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Councils pledge to help rough sleepers this winter

Published: Friday, 29th November 2019

Local authorities across the West Midlands have pledged to work together to help rough sleepers this winter as part of a coordinated regional response.

For the second year running the seven metropolitan authorities, in collaboration with the West Midlands Combined Authority (WMCA), the Homelessness Task Force, and partners from the public, private and voluntary sectors, have drawn up a homelessness winter plan to help keep rough sleepers safe. The plan provides a commitment that no one needs to sleep rough as shelters, hostels, and emergency accommodation will all be open and available as part of local authorities’ severe weather provision.

This commitment covers everyone, including pet owners, couples, those who have no recourse to public funds, people who may have previously been banned from support services, those with no local connection, and people with complex needs.
For those who need to travel to get to accommodation or to access the support they need, free bus tickets will be available thanks to a collaboration with National Express West Midlands.

Also as part of the 2019 winter plan, people in the West Midlands will be able to alert local authorities to rough sleepers by contacting StreetLink. Each council will then use their own plans and expertise to help rough sleepers, with outreach teams in the seven authorities of the WMCA area working rapidly to locate rough sleepers and support them into a place of safety.

Julie Griffin, acting housing director at Birmingham City Council, said: “Winter is a hugely important time when it comes to supporting people who are sleeping rough on our city’s streets. With the near freezing temperatures bringing people indoors, it provides us with additional time to really engage with people indoors, in a stable environment, to be able to make repeat offers of support for health, housing and their general wellbeing.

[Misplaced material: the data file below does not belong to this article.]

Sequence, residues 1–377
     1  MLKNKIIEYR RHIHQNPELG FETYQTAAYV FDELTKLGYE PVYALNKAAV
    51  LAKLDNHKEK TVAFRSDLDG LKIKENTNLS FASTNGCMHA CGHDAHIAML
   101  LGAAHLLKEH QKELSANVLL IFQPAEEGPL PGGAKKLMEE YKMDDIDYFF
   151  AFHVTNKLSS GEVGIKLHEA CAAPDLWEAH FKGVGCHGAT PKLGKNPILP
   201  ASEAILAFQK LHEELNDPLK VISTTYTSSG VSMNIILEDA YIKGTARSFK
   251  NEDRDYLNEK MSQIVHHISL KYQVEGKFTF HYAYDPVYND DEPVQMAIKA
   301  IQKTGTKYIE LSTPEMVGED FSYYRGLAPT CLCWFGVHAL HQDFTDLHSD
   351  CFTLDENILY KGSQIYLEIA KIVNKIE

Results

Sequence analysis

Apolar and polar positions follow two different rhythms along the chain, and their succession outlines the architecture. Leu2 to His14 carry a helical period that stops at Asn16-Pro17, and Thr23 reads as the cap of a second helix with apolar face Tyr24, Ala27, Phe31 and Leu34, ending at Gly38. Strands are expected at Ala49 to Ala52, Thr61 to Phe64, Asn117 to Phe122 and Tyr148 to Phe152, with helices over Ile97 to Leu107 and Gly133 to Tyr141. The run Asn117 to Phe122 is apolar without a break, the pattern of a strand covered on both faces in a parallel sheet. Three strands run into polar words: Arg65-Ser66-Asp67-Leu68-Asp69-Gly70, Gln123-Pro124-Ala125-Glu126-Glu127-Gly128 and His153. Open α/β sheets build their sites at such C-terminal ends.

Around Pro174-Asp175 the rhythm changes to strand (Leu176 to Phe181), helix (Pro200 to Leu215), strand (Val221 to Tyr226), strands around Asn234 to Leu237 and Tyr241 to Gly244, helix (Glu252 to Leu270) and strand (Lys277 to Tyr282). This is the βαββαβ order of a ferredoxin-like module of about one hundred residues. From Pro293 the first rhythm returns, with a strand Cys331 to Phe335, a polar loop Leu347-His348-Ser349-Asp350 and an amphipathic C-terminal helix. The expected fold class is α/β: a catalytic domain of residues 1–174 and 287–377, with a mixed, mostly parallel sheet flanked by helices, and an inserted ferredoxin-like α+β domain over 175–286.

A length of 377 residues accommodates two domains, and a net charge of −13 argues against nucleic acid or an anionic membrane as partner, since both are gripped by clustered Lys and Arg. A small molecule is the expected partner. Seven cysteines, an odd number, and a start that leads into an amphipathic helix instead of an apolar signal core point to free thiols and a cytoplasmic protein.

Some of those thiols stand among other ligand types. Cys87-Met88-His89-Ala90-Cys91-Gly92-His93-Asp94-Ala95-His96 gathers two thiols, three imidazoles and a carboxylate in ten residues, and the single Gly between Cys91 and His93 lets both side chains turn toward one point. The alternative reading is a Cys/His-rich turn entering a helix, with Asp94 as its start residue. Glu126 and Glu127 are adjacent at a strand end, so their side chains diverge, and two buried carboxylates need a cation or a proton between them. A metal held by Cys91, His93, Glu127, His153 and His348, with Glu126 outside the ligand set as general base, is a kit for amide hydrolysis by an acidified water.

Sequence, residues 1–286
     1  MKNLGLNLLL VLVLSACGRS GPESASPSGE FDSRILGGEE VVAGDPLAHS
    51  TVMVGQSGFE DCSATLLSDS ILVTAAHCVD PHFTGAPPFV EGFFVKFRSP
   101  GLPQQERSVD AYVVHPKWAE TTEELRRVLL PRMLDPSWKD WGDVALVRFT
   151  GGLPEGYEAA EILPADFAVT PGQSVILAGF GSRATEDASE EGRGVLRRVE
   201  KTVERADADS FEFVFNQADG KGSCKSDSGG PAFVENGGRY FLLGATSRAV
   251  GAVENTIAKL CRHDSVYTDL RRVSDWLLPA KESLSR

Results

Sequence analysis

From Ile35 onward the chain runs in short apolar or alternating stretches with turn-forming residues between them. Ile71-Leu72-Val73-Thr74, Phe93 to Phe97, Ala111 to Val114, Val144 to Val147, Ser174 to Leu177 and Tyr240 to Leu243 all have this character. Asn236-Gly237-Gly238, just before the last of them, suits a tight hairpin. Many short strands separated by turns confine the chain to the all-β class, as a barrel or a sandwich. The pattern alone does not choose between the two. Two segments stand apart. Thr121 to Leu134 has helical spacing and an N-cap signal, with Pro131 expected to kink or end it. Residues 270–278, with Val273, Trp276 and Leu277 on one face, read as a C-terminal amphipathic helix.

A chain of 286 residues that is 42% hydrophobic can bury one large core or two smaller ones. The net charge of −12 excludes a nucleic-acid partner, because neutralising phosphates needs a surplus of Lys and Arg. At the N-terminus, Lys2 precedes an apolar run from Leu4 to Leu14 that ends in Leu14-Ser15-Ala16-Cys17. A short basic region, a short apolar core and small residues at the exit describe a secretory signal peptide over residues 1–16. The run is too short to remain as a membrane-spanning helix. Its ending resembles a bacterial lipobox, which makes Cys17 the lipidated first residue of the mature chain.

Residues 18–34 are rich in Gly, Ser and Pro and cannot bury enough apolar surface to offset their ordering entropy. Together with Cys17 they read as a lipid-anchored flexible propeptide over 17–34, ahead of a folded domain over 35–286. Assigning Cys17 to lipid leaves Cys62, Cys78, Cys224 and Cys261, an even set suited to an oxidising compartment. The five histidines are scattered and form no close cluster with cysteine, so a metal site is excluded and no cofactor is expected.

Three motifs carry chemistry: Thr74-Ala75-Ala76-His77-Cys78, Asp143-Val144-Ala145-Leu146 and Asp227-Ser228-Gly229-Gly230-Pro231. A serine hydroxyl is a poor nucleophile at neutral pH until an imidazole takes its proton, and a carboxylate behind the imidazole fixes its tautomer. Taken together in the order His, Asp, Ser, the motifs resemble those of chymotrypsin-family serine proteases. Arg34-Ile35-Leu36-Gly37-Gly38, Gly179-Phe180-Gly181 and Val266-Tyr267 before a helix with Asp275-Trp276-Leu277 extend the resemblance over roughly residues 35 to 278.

“Knowing how important these opportunities are, every year, we ensure that in Birmingham there is more than enough emergency accommodation for everybody. To know what support is needed, we need to have a good understanding of the community we are serving. Thanks to the continued hard work of our outreach team and of our partners who help us deliver on our homelessness prevention strategy, this year will be no exception.”

The winter plan follows on from a successful year for the region’s Housing First pilot, with more than 100 rough sleepers moving into permanent accommodation. Over the winter, Housing First will help entrenched rough sleepers with the most complex needs to access accommodation alongside intensive support to enable them to recover from issues such as substance abuse.

WMCA chief executive Deborah Cadman said: “This plan sets out our joint commitment to keep the most vulnerable people safe during the winter and to make every effort to engage individuals with appropriate services to help them move away from sleeping on the streets for good.

“We know that conditions during the winter that present the greatest risk to the health of people who sleep rough are low temperatures, strong winds, heavy rain and snow. We will do everything we can to ensure that there is a route off the streets for every single person who finds themselves there during severe weather.”

ENDS

 

Notes to Editors:

West Midlands Winter Plan for Rough Sleepers

This winter: